An acclaimed liberal sociologist examines “the increasingly hostile split” between America’s two major political parties and “how life feels to people on the right—that is…the emotion that underlies politics.”
Five years before Donald Trump’s presidential bid caught fire, Hochschild (So How's the Family?: And Other Essays, 2013, etc.) decided she wanted to better understand the political and cultural divides in the United States by immersing herself in the anti-government tea party culture so foreign to her own beliefs. Traveling regularly from her Berkeley, California, home to Lake Charles, Louisiana, the author arranged to spend large amounts of time with tea party members and additional self-identified conservatives to figure out how they came to their beliefs. Hochschild felt especially puzzled by the paradox of Louisiana residents residing in dangerously polluted areas yet opposing environmental regulations proposed by both the state and federal governments. Though upset by seemingly racist, sexist, ageist, and economic class hatreds among the men and women she came to know, Hochschild says her determination to observe empathetically rarely flagged. She quickly realized that many of the stated views held of the tea party members were often not fact-based but rather grounded in what life feels like to them—e.g., government feels intrusive, liberals feel condescending, members of racial and ethnic minorities feel lazy and threatening. Trying to imagine herself as the Lake Charles residents viewed themselves, Hochschild vowed to immerse herself thoroughly enough to comprehend what she terms their "deep stories,” and she felt grateful that the tea party members who found her views offensive nonetheless shared their time and thoughts generously. At times, Hochschild flirts with overgeneralizing and stereotyping, but for the most part, she conducts herself as a personable, nonjudgmental researcher.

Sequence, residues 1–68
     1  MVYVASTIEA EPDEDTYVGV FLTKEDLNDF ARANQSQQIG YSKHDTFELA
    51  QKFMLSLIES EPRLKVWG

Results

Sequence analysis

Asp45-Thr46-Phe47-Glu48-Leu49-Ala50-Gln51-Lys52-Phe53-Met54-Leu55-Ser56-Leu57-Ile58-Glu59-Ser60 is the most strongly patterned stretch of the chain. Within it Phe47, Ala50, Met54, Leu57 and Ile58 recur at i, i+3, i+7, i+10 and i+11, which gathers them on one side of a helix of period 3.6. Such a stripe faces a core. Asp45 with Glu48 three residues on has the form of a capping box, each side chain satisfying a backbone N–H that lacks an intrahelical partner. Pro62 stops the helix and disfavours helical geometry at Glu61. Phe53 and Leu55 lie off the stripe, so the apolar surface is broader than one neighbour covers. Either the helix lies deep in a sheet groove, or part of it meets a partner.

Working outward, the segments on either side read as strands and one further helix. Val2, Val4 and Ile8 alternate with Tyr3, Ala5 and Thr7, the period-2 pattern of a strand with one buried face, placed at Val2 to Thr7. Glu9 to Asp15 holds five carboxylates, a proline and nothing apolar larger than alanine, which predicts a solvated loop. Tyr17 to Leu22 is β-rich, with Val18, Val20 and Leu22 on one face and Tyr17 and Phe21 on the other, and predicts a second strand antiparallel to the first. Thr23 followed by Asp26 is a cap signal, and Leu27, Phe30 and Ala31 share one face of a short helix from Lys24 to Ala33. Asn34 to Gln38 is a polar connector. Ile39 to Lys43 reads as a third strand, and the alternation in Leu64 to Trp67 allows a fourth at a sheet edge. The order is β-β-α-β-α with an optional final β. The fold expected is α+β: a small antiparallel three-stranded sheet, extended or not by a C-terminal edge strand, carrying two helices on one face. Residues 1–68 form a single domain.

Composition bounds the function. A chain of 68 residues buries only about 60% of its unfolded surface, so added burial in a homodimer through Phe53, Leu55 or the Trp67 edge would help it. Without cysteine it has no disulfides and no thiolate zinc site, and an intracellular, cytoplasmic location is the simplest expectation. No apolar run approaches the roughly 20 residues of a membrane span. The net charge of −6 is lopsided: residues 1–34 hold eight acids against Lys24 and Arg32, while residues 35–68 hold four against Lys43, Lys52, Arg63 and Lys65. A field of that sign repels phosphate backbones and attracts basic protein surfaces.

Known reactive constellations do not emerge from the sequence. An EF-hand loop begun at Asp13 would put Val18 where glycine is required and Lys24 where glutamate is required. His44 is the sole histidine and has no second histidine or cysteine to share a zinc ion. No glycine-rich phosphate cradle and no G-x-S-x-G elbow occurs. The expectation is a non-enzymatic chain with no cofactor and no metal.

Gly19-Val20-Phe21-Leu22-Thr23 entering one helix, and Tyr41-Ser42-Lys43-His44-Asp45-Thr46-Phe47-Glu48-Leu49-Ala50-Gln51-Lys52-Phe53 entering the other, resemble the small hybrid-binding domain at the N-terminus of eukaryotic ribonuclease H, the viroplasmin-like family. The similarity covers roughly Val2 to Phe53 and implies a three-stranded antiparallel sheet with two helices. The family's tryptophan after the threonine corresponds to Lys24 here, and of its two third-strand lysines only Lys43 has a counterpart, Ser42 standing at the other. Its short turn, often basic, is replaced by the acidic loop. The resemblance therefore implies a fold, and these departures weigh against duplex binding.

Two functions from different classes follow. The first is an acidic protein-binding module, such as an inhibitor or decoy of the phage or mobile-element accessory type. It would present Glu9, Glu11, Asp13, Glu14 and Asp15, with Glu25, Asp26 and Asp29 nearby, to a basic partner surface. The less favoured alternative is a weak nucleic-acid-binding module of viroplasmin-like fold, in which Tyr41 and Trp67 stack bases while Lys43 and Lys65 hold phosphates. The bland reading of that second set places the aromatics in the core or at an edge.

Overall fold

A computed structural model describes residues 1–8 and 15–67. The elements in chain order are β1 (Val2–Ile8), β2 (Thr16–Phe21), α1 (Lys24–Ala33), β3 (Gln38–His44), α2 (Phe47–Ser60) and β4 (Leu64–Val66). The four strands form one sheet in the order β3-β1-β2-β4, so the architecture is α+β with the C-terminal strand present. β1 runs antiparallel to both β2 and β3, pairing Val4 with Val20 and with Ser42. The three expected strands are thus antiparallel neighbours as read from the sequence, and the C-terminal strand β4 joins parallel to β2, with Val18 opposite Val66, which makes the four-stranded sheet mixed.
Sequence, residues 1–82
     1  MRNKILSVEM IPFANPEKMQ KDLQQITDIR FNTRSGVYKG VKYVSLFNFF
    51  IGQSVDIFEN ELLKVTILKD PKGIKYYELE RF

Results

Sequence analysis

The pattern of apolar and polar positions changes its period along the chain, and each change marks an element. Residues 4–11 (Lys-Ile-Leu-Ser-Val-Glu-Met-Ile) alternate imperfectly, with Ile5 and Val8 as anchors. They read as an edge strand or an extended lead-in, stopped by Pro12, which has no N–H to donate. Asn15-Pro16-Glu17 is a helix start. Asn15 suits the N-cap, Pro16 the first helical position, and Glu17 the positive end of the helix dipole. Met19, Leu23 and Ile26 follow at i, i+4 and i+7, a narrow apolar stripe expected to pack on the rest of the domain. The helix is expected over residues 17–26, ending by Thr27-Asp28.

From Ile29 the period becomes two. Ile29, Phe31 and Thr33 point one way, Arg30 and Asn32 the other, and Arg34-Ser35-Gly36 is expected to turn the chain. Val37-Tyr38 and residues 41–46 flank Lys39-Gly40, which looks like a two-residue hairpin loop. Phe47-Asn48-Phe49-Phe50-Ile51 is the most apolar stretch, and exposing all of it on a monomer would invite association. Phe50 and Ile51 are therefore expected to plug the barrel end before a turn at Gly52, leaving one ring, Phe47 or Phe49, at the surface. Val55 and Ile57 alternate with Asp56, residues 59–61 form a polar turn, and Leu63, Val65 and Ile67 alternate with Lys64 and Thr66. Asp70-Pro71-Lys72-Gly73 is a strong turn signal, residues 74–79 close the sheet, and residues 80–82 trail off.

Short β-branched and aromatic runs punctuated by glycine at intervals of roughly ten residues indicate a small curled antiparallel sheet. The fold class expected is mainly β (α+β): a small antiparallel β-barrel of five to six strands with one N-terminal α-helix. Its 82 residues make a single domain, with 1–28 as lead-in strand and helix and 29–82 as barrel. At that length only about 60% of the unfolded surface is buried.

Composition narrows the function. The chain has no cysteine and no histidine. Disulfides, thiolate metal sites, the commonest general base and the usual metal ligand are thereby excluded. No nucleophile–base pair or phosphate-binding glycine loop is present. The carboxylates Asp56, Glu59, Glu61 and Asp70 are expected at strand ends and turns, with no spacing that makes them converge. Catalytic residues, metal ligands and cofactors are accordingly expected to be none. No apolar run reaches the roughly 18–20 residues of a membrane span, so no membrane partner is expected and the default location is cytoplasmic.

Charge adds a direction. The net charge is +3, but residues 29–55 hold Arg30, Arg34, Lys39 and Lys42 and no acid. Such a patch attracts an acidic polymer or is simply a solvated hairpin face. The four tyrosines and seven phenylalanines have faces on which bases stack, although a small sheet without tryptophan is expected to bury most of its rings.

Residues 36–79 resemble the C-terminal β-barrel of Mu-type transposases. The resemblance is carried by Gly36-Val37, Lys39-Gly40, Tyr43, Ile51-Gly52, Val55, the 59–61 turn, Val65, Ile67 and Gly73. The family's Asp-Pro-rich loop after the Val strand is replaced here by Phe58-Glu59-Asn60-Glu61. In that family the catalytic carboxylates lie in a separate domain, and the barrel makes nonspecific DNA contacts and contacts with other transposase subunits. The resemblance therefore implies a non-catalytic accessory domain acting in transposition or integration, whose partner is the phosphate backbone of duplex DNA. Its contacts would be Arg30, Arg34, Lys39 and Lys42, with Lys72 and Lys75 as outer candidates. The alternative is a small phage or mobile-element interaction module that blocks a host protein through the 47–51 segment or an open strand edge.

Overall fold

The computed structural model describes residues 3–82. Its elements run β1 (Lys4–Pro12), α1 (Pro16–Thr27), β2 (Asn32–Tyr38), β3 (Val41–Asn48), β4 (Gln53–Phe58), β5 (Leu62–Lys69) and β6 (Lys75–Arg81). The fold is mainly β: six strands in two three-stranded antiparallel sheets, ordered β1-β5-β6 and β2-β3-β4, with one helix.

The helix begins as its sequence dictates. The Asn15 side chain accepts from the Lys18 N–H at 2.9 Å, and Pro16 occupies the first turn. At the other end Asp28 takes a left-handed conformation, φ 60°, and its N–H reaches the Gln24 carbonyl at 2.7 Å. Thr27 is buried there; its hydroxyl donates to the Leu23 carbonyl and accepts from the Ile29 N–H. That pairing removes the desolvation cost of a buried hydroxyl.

A well-told chronicle of an ambitious sociological project of significant current importance.